Boston: Walker, Fuller, and Company, 1865. 31, [1 blank] pp. Stitched. Library rubberstamp and gum label in blank portion of title page. Else a clean and Very Good text.
Hepworth became chaplain to the 47th Mass. Regiment in Louisiana in 1862 under Benjamin Butler, and the next year transferred to serve under General Nathaniel Banks. Banks made him a First Lieutenant of the 4th Louisiana Native Guards, a Negro regiment. His pamphlet excoriates the slaveowning "traitors" and "ambitious demagogues" who started the War: They "assumed they were born to be the dominant race. They ruled with a hand of iron... Their real estate stretched from the Atlantic to the Mississippi; and their personal property consisted of four millions of human beings. They allowed no schools to be built; they enacted laws making it a criminal offence to teach a black child the alphabet. Without the sanction of any law, they mobbed any man who dared by word or hint to criticise their institutions."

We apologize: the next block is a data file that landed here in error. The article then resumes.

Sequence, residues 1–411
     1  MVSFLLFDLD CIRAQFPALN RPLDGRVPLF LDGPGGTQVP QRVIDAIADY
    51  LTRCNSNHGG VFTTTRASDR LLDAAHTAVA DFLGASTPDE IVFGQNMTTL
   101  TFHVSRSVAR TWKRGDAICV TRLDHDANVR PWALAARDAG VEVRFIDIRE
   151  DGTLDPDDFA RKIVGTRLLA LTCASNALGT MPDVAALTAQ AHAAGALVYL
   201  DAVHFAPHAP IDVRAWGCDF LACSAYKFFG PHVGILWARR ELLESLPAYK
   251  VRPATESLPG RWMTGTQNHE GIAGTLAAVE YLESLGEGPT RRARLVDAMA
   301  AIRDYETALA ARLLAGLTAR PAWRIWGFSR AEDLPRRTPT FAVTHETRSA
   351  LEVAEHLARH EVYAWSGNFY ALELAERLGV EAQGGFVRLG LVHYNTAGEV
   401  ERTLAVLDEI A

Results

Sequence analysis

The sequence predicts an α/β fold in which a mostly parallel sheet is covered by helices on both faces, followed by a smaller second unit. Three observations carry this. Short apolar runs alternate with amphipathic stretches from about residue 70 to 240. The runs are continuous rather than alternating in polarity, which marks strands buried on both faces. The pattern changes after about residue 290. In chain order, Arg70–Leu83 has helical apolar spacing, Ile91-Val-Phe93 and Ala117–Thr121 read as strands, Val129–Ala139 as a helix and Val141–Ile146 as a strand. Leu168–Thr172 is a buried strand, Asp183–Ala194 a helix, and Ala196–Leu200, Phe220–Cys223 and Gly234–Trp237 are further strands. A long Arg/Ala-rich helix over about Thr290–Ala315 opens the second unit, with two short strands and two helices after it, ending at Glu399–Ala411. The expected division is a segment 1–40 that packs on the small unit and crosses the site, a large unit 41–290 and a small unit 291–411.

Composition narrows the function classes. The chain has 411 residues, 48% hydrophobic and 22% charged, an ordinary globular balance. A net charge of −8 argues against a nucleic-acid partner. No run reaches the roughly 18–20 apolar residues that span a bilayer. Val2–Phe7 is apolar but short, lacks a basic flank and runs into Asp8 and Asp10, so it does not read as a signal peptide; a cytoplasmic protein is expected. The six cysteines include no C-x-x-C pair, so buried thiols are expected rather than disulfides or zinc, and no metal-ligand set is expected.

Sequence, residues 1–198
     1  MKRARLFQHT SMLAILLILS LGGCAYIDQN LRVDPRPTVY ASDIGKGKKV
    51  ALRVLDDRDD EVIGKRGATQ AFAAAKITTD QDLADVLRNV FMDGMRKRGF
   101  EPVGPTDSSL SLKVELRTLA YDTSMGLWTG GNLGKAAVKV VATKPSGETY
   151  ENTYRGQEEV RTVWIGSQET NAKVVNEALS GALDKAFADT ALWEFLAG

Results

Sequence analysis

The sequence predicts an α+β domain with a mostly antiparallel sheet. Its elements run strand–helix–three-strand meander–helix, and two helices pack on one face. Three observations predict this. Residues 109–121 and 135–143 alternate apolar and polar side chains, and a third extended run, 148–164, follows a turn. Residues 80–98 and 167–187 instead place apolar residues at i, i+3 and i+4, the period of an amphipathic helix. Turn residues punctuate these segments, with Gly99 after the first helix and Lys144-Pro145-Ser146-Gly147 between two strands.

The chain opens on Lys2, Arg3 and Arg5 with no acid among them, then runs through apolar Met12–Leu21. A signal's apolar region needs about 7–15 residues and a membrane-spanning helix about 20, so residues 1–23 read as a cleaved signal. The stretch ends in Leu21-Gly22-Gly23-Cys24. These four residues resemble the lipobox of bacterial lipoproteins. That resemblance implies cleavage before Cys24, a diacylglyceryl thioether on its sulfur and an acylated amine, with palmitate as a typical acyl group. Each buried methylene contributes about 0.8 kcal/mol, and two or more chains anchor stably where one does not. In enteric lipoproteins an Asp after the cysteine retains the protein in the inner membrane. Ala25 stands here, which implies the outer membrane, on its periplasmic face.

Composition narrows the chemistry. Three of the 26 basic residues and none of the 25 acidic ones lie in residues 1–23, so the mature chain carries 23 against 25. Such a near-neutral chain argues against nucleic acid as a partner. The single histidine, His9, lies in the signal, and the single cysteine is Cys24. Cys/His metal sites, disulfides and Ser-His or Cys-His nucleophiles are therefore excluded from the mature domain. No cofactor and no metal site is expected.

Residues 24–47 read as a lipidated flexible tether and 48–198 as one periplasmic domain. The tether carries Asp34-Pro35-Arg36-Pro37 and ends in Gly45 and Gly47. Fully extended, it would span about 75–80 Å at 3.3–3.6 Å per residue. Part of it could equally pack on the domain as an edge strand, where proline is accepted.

Denying "partisan fervor" or a "spirit of vengeance," Hepworth calls Jefferson Davis a "criminal," "a wilful subverter of the best ideas of the century, and of the tendency of our institutions." He is "to be tried and condemned, not merely by the military commission convened at Washington, but also by the ideas, the aspirations, the tendencies of the historic hour."
Sabin 31443. Not in LCP, Dumond, Bartlett, Blockson, Work, Nevins. Item #35609